Did the Universe Have a Beginning?


There is still another way that the measurement of heat help to prove that the universe is expanding. In the spring of 1964, two researchers at Bell Labs observed a persistent hiss while testing their microwave radiation detector. Regardless of which direction they pointed the antenna, the static was the same. (This is the same static as TV interference. The same static that was supposed to be gone when I paid $150 to have my satellite dish installed.) Those men, Arno Penzias and Robert Wilson, had discovered what scientists say is the echo from the birth of the universe.7

But how could scientists know for sure that the hiss they were hearing was actually an echo from the beginning of the universe? Mathematicians calculated that heat generated at the moment the universe began would have been enormous beyond comprehension. This heat would have gradually dissipated over the life of the cosmos, leaving only a tiny residual of about 3 degrees Kelvin (-270 degrees C).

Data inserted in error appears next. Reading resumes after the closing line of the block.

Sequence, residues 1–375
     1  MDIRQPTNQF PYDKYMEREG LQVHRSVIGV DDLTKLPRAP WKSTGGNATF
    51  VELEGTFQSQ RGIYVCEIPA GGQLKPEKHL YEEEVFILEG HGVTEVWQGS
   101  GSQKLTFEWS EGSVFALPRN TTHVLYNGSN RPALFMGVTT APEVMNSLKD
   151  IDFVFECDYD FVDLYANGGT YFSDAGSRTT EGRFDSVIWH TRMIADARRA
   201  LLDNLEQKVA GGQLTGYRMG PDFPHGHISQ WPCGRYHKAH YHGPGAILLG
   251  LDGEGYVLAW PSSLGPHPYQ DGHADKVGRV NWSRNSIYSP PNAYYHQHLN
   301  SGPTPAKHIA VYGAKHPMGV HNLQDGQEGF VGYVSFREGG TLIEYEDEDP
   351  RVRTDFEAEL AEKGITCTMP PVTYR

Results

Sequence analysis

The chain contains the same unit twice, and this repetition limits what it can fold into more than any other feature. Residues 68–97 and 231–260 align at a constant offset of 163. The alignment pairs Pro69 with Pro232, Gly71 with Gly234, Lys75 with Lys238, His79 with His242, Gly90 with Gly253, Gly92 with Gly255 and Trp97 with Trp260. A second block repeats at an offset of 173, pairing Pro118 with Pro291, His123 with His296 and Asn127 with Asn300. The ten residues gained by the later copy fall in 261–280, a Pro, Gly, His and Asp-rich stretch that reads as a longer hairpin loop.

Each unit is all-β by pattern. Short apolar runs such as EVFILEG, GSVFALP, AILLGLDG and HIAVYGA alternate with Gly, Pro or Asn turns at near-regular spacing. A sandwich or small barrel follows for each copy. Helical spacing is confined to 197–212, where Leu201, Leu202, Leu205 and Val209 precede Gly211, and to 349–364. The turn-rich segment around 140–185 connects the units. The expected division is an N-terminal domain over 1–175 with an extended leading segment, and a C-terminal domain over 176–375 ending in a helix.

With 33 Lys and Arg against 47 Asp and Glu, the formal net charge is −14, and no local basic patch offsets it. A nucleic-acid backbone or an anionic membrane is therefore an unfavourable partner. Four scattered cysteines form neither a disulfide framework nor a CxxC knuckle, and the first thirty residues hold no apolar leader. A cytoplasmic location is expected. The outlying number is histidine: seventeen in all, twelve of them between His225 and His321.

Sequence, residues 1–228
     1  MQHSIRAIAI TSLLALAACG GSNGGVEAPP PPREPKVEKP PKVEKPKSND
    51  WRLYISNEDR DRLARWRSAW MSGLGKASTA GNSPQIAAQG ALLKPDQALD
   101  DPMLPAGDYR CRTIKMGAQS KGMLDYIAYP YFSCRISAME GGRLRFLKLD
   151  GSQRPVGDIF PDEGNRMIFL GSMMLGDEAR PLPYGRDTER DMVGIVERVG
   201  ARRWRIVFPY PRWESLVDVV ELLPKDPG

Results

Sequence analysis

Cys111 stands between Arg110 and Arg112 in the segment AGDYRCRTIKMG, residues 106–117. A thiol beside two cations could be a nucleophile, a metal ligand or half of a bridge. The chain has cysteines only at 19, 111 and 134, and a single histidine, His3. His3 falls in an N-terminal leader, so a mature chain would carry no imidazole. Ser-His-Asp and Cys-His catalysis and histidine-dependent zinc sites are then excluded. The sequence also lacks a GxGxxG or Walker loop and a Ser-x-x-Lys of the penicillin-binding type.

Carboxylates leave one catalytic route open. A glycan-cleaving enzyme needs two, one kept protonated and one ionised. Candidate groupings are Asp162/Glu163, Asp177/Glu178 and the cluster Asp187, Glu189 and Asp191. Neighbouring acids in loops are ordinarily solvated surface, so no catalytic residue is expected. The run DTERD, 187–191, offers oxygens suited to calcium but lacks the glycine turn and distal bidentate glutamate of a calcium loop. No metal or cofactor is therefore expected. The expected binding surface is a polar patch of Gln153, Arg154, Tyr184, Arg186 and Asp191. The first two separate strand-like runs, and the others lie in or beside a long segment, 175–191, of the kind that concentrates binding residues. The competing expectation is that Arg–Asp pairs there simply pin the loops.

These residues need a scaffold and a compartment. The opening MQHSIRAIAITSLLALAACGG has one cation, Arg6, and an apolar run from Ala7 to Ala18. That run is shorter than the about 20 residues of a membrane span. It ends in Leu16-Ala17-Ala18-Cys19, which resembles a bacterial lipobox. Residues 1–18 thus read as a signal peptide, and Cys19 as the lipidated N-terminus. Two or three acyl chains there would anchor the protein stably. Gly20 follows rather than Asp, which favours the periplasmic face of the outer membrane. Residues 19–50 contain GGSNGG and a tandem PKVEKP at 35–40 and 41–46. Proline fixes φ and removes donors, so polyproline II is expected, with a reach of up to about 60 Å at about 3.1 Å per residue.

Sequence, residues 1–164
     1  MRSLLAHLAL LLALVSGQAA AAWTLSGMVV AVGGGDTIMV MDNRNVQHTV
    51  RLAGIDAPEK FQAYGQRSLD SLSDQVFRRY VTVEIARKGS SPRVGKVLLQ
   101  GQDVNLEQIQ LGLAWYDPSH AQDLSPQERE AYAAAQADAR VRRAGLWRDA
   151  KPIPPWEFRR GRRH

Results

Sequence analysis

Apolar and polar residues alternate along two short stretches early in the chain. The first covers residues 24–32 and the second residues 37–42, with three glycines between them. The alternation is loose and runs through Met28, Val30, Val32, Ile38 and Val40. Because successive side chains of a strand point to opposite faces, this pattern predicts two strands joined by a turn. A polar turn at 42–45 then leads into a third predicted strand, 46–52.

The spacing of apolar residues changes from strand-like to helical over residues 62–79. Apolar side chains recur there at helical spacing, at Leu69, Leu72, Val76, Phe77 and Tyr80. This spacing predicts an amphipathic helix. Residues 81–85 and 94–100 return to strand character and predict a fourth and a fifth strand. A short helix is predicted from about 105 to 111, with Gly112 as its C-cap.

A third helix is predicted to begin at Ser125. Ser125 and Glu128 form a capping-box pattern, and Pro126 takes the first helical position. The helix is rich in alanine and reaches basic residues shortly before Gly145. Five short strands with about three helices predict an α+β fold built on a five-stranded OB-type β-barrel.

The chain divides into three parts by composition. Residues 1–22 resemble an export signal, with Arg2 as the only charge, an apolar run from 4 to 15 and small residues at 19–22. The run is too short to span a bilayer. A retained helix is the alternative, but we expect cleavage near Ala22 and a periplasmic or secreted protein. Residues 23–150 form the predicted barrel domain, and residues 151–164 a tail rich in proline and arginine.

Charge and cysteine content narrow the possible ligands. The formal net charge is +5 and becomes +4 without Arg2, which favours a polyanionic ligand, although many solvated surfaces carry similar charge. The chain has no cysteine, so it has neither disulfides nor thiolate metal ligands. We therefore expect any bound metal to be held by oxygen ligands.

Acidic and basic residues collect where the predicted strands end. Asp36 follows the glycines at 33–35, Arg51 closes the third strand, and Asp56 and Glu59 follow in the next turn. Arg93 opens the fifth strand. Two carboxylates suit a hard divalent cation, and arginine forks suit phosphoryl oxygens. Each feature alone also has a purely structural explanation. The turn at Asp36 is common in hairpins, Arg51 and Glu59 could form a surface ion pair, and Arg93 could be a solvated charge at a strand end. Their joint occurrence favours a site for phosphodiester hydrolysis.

Additionally, in order for galaxies to have formed by the explosion needed to have slight variations in the form of waves or ripples.

According to George Smoot, these ripples would result in very slight fluctuations in the predicted temperature and would reveal an identifiable pattern.8 Thus, if the temperatures matched up, the birth of the universe would be scientifically verified. Merely discovering the temperature to be 3 degrees Kelvin would not prove that the universe actually had a beginning, the fluctuations also needed to match.9

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